November - December, 2018
Ethiopia may not be the first place you think of when deciding your wildlife photography holiday destination but this corner of Africa offers home to a number of endemic species that cannot be found anywhere else on Earth.
Our two – week trip in Ethiopia was mainly dedicated to photograph two endemic mammals: the worlds rarest canid, Ethiopian wolf and the magnificent Gelada Monkey.
This blog is about Ethiopian Wolf.
As the name suggests, Ethiopian wolves are found in Ethiopia where they are restricted to the highlands of the country. Ethiopian wolf is also known as Abyssinian wolf, Simien fox, Simien jackal.
Ethiopian Wolf is considered as the rarest canid species in the world with the population of around 500 individuals.
More than half of Ethiopian wolves are found in the Bale Mountains National Park, located 400 km from capital Addis Ababa.
Journey by car from Addis Ababa to Goba Robe airport (commonly known as Bale Robe airport) takes 5 - 6 hours. Road infrastructure, though greatly improved in recent years, is still rudimentary. Self-drive car rental is very rare. In most cases vehicle is rented with a driver. An average cost per day is $150. For a cheaper and quicker way of travelling we used domestic flights.
Bale Mountains National Park occupies 2150 square km.
Web Valley and Sanetti plateau have the highest density of Ethiopian wolf population. In order to reach both areas it is necessary to have a car and a driver.
We have noticed that in Sanetti plateau wolves are less shy than in Web Valley, so they are easier to approach without a car.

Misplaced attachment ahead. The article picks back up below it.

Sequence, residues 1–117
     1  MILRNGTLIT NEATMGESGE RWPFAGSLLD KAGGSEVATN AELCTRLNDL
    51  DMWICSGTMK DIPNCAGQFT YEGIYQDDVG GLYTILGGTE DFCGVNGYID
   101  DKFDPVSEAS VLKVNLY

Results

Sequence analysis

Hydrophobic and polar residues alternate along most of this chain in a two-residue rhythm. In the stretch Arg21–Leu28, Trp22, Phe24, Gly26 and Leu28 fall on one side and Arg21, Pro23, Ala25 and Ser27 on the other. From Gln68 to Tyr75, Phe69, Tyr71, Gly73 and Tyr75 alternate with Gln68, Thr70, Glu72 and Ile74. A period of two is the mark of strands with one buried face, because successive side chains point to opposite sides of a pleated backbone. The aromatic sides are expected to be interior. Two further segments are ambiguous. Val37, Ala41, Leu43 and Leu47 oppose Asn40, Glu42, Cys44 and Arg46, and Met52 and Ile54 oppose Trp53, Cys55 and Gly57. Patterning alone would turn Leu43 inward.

In Web valley a car is a must for wolf photography.
There are no hotels near by, so camping is the only option for Ethiopian wolf photography, especially in Web Valley area. In Sanetti plateau there is a possibility to stay in a high-end Bale mountain lodge (£200 per night) or travel back to Goba town. Both lodges are located quite far from wolf sightings.
Ethiopian wolves live in Afro-alpine grasslands and rocky areas in elevation from 3000 to 4200 meters above sea level. For wolves this altitude is fine but humans have to adapt to it slowly.
Ethiopian wolf is similar to the coyote in size, weighting around 16 kg; comparing to its relative grey wolf, Ethiopian wolf is smaller in size and weight.
Their thick fur coat is suited for colder habitats in high altitudes. Wolves can cope temperatures as low as -15o C. We must admit that temperature drops quite a bit during nights in the mountains and the morning especially with the north winds are pretty chilly.
Ethiopian wolves live in packs but tend to hunt alone.
They typically eat several rodent species that are common in the area. According to researchers rodents account for 96% of the prey occurrences and 97% volume in the droppings.
The preferred prey is Big Headed Mole Rat which is endemic to Ethiopia's Bale Mountains. Males in this species are noticeably larger than females, weighting up to 900 grams.
Ethiopian wolf needs to eat around 3 giant mole rats a day. Unfortunately giant rats are endangered and threatened by habitat loss through overgrazing by domestic livestock.
Occasionally small packs of wolves can be spotted chasing after young sheep, antelopes or hare.
Wolves are well suited for seeking rodents out from their underground burrows with their long muzzles.
Ethiopian wolves have no interest in humans and there is no record of one attacking a person.
Typically wolves are long lived (~ 10 years) animals but habitat loss due to increasing human population and dog-related disease such as rabies and canine distemper virus are the most pressing.
In 2008 a rabies outbreak killed 70% of the wolves in the Bale Mountains. The remaining animals were saved by an emergency vaccination program. During vaccination program wolves are tagged for monitoring.
Up till today there are teams of dedicated people working to save the Ethiopian wolf through vaccination programs.
Seeing and photographing this unique animal was truly an amazing experience. Overall it was not a very easy trip with unexpected challenges with dishonest guide and crazy solutions. Travel is not without its ups and downs but fortunately challenges were overcome and we had great wolf sightings and even very close Ethiopian wolf encounters in their natural habitat.
It is a truly unforgettable photographic experience.